MYSTERY ON THE MIDWAY
Everywhere I went, people were buzzing happily with the news.
'The Fair' was coming! I was especially thrilled because the
biggest event ever to come to Chicago was going to be practically
in my back yard. I wanted to watch all of the preparations. My
father and I walked over to the fair grounds almost every day
and talked about anything new that we saw. There were lots of
white buildings including a really nice one that looked like
a palace. Dad said the famous art would be in that building.
There were gushing fountains and huge statues. But we were puzzled
by the work being done just outside the fair grounds on the Midway
The Midway Plaisance is an enormous grassy
strip, several blocks long, just across from the new University
of Chicago. I had played lots of games on the Midway-baseball,
tag, and fox and geese (the kind that you play in the snow, not
the indoors game). One day, while it was still very cold, some
workers roped off a very large area and began to work.
First, they dug very deep. But the ice
was so thick that it was hard to break. Worse than the ice was
a layer of sand underneath. We usually think of sand as something
nice and squishy between our toes at the beach. Not so for the
workers-they were in danger! Because the sand was 20 feet deep,
wet, and could shift, vibrating equipment could turn it into
quicksand, sucking the workers into the ground. The workers had
to work carefully in order to avoid being swallowed! But finally
they made the ground stable.
We watched as tall poles were fitted in
the ground. My dad said that they must be 120 feet high. I wasn't
sure what that meant but they were tall! Each day that we came,
we saw some new strange gizmo. (That's one of those funny words
that I got from my dad). One day, Dad exclaimed, "That looks
like an axle."
One of the workers overheard him and said proudly, "It's
45 feet-the largest single piece of forged steel in the world."
I was very curious now. "What's an axle, Dad?"
"It's the center pin for a wheel, something that the wheel
revolves around or it revolves with the wheel".
Revolves. I pondered a moment. "That's just a funny word
that means to go in a circle, right Dad?"
"Yes", 'revolves' means to roll, turn, or cause something
to move in a circle. But
it's not a funny word, it's a nice word," Dad grinned.
And so forth. That's how our daily discussions went. We would
ask questions, think hard, then share our ideas. When the fair
opened in May, we knew where everything was going to be and what
it was going to be-with one exception. The workers were laboring
harder than ever but the object on the Midway was still a mystery.
After weeks more of waiting, the workers
hauled the most tremendous, stupendous, gargantuan (That's a
word, isn't it?) wheel that I had ever seen to the Midway. It
was June 9th, more than a month after the fair had opened, and
we were there, as usual, watching them build on the Midway. My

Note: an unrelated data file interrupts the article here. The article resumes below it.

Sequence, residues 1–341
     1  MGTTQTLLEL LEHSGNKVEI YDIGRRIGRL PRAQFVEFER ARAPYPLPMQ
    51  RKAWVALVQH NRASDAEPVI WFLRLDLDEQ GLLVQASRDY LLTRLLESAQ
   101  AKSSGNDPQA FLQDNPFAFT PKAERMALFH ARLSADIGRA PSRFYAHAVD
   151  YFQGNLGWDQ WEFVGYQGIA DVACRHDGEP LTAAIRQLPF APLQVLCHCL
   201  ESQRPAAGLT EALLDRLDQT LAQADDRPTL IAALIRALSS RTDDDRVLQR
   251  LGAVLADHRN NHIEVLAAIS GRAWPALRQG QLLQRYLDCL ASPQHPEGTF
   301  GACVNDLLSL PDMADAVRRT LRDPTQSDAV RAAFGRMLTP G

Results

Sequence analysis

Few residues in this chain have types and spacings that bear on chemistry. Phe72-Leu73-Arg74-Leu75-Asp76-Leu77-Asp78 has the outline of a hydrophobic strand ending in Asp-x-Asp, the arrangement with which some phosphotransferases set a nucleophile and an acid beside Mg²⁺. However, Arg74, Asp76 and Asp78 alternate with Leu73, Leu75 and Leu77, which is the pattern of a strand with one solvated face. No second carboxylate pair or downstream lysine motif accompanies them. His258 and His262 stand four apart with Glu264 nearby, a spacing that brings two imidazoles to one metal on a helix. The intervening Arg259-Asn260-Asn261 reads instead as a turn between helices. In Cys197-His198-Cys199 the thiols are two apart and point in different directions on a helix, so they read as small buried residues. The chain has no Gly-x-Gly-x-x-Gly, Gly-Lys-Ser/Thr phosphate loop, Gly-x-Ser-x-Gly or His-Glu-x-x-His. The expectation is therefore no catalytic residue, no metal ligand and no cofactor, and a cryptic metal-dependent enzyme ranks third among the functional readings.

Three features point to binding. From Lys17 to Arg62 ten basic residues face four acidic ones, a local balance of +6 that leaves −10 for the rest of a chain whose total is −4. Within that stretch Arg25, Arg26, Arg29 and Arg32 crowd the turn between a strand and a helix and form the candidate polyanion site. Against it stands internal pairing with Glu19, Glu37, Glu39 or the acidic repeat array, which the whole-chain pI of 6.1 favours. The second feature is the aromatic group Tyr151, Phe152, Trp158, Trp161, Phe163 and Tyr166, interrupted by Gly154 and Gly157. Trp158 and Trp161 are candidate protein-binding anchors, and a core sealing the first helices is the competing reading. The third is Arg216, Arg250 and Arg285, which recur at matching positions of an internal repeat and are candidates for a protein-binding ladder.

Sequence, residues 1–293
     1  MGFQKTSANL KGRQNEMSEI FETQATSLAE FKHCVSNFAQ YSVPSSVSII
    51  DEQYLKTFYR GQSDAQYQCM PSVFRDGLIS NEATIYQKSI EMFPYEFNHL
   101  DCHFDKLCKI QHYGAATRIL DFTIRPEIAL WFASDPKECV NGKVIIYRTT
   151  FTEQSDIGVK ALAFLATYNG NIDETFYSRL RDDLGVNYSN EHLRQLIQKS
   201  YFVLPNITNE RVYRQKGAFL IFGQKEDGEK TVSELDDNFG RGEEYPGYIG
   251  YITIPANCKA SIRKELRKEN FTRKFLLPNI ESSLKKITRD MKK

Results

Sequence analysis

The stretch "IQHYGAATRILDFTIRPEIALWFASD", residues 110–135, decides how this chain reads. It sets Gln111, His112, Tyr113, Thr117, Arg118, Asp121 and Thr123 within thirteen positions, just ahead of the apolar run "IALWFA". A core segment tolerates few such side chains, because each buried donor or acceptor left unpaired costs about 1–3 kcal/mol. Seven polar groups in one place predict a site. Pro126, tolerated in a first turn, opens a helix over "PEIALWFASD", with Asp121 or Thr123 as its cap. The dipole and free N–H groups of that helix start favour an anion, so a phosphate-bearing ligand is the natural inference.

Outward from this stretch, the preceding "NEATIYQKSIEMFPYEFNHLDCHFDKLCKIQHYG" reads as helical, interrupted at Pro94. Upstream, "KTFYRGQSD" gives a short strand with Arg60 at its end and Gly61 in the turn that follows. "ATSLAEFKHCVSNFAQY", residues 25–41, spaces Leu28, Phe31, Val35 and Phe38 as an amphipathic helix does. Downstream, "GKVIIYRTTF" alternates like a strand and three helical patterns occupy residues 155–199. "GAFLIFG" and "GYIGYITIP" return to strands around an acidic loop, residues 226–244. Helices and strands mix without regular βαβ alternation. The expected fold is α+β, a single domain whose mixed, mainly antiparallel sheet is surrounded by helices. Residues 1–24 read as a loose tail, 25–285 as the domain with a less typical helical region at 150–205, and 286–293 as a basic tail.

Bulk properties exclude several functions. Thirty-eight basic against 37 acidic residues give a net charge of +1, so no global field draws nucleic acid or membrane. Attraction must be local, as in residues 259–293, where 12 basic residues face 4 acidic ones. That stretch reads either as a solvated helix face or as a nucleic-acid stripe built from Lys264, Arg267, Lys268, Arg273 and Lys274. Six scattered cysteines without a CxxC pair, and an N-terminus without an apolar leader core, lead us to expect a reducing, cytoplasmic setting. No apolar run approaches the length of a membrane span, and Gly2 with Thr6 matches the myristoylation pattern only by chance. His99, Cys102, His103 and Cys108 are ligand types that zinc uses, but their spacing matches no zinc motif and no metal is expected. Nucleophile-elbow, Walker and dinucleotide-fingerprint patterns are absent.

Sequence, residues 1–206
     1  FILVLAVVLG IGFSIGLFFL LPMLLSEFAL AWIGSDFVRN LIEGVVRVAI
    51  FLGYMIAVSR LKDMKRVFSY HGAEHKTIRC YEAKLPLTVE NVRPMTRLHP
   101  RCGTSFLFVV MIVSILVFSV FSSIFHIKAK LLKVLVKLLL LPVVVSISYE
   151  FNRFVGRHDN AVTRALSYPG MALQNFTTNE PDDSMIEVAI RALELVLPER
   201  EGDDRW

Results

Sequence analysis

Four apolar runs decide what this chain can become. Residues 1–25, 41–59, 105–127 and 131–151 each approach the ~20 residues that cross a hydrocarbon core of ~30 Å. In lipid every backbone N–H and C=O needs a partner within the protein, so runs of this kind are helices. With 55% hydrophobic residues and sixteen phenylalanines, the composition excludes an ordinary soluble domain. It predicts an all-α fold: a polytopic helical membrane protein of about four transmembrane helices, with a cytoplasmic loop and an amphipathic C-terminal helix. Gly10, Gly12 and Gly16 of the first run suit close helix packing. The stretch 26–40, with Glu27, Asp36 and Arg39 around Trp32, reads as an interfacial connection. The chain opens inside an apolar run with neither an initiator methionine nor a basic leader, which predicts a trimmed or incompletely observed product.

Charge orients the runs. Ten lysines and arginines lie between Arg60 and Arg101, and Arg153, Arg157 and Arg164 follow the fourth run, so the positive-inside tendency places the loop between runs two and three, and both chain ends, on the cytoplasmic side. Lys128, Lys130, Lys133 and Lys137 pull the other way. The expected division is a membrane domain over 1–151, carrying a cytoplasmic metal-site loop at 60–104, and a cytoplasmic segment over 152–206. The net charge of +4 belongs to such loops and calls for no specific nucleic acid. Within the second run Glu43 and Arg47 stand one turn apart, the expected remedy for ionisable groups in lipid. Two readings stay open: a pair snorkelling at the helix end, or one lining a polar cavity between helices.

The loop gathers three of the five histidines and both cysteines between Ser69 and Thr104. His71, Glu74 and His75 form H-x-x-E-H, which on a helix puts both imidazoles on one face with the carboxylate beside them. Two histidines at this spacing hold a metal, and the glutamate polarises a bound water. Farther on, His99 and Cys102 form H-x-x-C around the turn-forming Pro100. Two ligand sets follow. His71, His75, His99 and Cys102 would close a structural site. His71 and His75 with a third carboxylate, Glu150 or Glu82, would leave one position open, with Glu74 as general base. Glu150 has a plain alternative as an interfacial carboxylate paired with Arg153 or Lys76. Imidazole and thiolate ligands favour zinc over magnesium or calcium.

father gasped and clutched my shoulders. We held our breath as
they lifted this gigantic wheel to hang it from the giant poles.
A huge crowd from the fair gathered. Everyone started shouting
and pointing. No one had ever seen a wheel that big. Or just
about anything that big. One man said that the only thing bigger
was the 'Eye Full' Tower. (My dad told me that it's actually
spelled 'Eiffel' and is named after the man who designed it.)
After a lot of effort, the wheel was up. But the workers were
not done. Something else needed to happen.
I watched as one of the worker's waved
his arm. My dad said that it was a signal, telling someone to
do something. And then, it happened. The wheel moved. "It's
rotating!", my dad cried. The wheel turned and turned. All
of the workers began to cheer and the crowd chimed in. I turned
to my dad and shouted, "Now we know what they were building-they're
"Not quite," he shouted back and winked. My dad had
a suspicion that there was more to come.
I was burning to know. What were they going
to do to finish the wheel? I asked myself over and over. I thought
about the wheel itself. What else did wheels do besides roll?
But they couldn't let this monstrous wheel roll because it would
crush anyone in its path! Was the wheel going to fall and sink
into the earth? After all, the wheel was very, very heavy. One
of the workers told me that it weighed over 2 million pounds!
I used to think my Aunt Gretel weighed that much. But although
Dad agreed that Aunt Gretel weighed about as much as a house,
he said that 2 million pounds was equal to hundreds and hundreds
of Aunt Gretels.
I couldn't concentrate on anything but
the Giant Wheel. Before I had pulled out all my hair, in a couple
of weeks, I had my answer. Let's skip ahead those couple of weeks
and get right to the exciting part. Now, there are several almost
train-sized wooden cars hanging from the wheel and I'm standing
right in front of one, waiting for the most dangerous ride of